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Alabama Counties

Alabama currently has sixty-seven counties. The oldest county, Washington, was created on June 4, 1800, when what is now Alabama was then part of the Mississippi Territory. The newest county is Houston, created on February 9, 1903.

Cullman County, Alabama History

Cullman County Education, Geography, and HistoryCullman County, Alabama Courthouse

Cullman County is a county of the state of Alabama. Based on the 2010 census, the population was 80,406.Cullman County was created on January 24, 1877, from portions of Blount County, Morgan County, and Winston County. The county seat is Cullman. Cullman county is named in honor of Colonel John G. Cullmann.

Cullman County comprises the Cullman, AL Micropolitan Statistical Area, which is a component of the Birmingham-Hoover-Talladega, AL Combined Statistical Area.

Etymology - Origin of Cullman County Name

Cullman county was named after John G. Cullmann, a native of Germany who encouraged the immigration of Germans to northern Alabama.


County QuickFacts: CensusBureau Quick Facts

Cullman County History

Cullman County, Alabama

Cullman county formed by the Alabama legislature on January 24, 1877 from portions of Blount, Morgan, and Winston Counties. The county was named after John G. Cullmann, a native of Germany who encouraged the immigration of Germans to northern Alabama. Cullman County lies in the north-central part of the state, and is bounded on the north by Morgan and Marshall Counties, on the east by Marshall and Blount, on the south by Walker, and the west by Winston. It encompasses 738 square miles. The town of Cullman is the county seat. Other towns and communities include Good Hope, Holly Pond, Arkadelphia, and Bug Tussle.

The county is a "moist" county in terms of availability of alcoholic beverages; the cities of Cullman, Good Hope and Hanceville allow sale of alcohol and are "wet" and the rest of the county is dry.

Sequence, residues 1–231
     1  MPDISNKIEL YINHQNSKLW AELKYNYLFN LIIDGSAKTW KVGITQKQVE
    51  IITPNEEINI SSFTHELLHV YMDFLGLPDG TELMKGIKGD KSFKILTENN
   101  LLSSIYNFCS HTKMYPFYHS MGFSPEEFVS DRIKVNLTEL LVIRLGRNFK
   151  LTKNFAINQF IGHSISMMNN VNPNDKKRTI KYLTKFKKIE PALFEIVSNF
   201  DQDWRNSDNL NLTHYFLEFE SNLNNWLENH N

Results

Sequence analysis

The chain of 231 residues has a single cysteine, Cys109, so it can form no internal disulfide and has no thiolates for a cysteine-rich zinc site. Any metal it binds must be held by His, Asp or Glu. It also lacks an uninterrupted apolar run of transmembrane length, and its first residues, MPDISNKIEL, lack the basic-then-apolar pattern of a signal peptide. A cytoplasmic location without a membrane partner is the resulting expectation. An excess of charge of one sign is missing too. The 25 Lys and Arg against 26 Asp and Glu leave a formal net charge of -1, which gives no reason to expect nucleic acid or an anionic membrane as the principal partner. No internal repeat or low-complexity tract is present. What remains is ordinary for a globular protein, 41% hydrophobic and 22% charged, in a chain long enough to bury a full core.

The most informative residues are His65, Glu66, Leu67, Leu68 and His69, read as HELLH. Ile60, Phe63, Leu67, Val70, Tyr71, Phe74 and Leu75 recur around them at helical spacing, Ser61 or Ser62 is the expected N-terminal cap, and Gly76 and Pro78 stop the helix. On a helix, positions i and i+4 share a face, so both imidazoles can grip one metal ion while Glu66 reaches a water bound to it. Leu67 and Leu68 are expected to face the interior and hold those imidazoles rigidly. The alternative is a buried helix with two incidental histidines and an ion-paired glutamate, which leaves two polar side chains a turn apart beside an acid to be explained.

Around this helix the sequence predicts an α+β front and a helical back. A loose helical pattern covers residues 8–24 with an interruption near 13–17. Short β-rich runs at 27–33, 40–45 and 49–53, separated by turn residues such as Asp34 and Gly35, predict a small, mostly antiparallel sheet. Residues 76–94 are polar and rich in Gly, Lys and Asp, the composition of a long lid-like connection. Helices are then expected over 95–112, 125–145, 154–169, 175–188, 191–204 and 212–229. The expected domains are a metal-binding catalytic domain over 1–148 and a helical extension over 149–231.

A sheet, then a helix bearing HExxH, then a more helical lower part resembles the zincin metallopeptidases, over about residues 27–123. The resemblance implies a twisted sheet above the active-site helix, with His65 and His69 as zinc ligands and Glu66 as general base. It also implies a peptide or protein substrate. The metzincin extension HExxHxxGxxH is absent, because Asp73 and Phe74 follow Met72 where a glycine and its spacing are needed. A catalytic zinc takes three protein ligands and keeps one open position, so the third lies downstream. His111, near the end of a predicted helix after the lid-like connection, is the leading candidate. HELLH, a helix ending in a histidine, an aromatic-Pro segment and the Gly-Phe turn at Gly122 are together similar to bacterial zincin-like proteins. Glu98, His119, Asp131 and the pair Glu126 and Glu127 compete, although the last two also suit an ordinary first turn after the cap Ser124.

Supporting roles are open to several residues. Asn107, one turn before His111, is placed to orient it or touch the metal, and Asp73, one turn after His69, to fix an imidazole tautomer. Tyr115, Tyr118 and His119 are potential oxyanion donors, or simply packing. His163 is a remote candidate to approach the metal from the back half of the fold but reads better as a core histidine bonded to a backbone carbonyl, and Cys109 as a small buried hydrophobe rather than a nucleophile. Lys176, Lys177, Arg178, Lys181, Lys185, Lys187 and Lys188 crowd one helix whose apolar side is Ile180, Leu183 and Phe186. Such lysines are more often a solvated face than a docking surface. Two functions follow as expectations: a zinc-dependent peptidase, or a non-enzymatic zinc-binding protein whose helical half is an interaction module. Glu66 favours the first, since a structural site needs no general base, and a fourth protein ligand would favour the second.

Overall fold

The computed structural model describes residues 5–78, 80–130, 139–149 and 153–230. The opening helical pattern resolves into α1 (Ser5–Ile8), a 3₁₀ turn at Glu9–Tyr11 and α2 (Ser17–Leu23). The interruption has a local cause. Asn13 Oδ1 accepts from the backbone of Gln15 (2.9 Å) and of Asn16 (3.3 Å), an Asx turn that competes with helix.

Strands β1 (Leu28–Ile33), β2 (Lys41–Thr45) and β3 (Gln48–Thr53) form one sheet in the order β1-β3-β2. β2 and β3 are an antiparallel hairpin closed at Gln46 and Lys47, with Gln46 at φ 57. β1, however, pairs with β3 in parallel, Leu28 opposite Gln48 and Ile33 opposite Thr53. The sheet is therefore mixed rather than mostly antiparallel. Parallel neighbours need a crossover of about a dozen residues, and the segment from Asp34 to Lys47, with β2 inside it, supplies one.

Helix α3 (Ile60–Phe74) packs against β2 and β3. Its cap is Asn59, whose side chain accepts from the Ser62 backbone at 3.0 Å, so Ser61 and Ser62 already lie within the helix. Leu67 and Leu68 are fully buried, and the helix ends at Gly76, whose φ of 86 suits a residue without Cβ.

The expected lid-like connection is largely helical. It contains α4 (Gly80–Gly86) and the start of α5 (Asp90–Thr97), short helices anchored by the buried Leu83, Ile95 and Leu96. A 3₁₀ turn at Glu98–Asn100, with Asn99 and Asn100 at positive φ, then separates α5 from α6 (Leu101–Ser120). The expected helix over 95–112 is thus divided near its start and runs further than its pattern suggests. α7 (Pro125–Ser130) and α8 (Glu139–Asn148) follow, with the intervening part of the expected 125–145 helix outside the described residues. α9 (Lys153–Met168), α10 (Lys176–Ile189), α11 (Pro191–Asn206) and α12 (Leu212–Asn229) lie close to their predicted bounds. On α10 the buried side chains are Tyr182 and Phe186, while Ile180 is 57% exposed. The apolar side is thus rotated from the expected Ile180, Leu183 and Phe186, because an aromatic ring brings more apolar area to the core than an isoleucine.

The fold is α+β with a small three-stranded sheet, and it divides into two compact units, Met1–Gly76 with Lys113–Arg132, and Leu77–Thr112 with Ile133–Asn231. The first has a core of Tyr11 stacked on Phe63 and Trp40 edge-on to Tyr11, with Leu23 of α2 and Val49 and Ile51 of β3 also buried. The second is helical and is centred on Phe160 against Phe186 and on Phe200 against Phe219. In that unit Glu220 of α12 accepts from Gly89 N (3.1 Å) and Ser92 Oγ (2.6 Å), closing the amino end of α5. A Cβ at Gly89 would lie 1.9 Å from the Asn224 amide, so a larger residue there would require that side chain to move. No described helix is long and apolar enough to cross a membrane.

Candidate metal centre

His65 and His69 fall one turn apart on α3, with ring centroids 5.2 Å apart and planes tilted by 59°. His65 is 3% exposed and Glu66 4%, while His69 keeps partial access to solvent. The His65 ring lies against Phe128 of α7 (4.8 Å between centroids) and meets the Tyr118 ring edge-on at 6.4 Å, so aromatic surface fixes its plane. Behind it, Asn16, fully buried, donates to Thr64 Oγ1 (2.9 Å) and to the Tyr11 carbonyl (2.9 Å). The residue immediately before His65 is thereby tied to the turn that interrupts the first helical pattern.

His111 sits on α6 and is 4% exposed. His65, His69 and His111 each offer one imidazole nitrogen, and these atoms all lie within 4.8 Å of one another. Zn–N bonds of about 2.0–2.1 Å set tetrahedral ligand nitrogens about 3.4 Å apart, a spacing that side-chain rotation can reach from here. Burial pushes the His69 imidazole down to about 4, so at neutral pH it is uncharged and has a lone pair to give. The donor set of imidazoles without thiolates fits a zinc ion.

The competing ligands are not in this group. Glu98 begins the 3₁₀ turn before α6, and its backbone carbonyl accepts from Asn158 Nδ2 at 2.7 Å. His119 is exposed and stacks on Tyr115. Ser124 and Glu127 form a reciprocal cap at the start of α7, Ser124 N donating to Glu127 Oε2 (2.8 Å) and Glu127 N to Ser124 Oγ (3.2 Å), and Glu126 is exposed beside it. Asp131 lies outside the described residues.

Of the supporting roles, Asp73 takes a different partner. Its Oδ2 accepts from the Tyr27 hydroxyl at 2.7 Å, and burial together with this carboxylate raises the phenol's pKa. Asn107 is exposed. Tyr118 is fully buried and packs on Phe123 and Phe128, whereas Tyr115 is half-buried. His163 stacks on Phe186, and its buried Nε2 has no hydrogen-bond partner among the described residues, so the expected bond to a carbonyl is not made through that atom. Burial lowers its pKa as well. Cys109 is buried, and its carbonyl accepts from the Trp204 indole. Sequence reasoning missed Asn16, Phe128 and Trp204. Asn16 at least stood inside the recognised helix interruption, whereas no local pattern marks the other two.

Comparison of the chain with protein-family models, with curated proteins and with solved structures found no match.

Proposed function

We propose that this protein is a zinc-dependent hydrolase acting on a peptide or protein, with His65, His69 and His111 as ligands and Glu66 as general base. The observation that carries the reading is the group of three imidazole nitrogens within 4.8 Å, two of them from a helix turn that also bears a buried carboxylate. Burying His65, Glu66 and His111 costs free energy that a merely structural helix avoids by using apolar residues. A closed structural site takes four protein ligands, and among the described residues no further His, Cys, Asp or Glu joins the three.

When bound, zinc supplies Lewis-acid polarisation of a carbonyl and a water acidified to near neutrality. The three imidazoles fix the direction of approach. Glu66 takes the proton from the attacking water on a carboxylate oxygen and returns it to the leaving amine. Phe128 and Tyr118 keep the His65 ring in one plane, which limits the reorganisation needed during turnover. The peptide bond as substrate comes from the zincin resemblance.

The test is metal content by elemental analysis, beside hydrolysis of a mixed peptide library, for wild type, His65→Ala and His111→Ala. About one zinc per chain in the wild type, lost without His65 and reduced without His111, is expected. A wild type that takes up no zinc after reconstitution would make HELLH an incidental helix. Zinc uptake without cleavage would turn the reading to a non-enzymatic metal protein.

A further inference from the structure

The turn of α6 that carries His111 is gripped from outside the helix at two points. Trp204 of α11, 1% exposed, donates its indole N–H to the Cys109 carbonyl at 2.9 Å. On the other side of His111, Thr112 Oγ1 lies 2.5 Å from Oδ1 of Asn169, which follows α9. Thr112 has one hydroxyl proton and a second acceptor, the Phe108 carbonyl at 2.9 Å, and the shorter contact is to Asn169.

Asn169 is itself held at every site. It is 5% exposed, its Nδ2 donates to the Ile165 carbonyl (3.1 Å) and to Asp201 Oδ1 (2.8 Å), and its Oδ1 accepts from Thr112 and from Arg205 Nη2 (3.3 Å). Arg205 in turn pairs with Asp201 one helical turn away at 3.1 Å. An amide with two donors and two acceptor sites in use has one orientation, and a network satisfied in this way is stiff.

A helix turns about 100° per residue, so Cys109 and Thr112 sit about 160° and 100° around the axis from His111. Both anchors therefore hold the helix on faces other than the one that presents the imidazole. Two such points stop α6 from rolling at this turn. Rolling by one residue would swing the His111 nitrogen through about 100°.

Geography: Land and Water

As reported by the Census Bureau, the county has a total area of 755 square miles (1,960 km2), of which 735 square miles (1,900 km2) is land and 20 square miles (52 km2) (2.7%) is water.

The Mulberry Fork of the Black Warrior River runs along the southeastern edge of the county and several of its tributaries, including the Duck River and Dorsey, Eightmile, and Brindley creeks, cross the county. In 1961, Alabama Power dammed the Sipsey River to create Lewis Smith Lake, located along the southwestern border of the county. Several tributaries of the Sipsey, including Blevens, Crooked, and Ryan creeks, traverse the area.

Neighboring Counties

Bordering counties are as follows:

  • North: Morgan County
  • Northeast: Marshall County
  • Southeast: Blount County
  • Southwest: Walker County
  • West: Winston County
  • Northwest: Lawrence County


Public education in Cullman County is provided by two systems: the Cullman City School Board and the Cullman County School Board, which governs all municipalities except the City of Cullman.

Cullman High School - under the governance of the Cullman City School Board

Private educational institutions in the county include:

  • Christ Covenant School - located in Cullman (Grades K-2)
  • Cullman Christian School - located in Cullman (Grades K-12)
  • Sacred Heart of Jesus Catholic Elementary School - located in Cullman (Grades PreK-6)
  • St. Bernard Preparatory School - located in Cullman (Grades 7-12)
  • St. Paul's Lutheran School - located in Cullman (Grades K-6)
  • Vinemont Christian Academy - located in South Vinemont (Grades PreK-12)

Cullman is also the home of the state-owned and operated Wallace State Community College in Hanceville. It was named for the former Governor of Alabama, George C. Wallace. His father and his wife, Governor Lurleen B. Wallace, also had junior colleges named for them.

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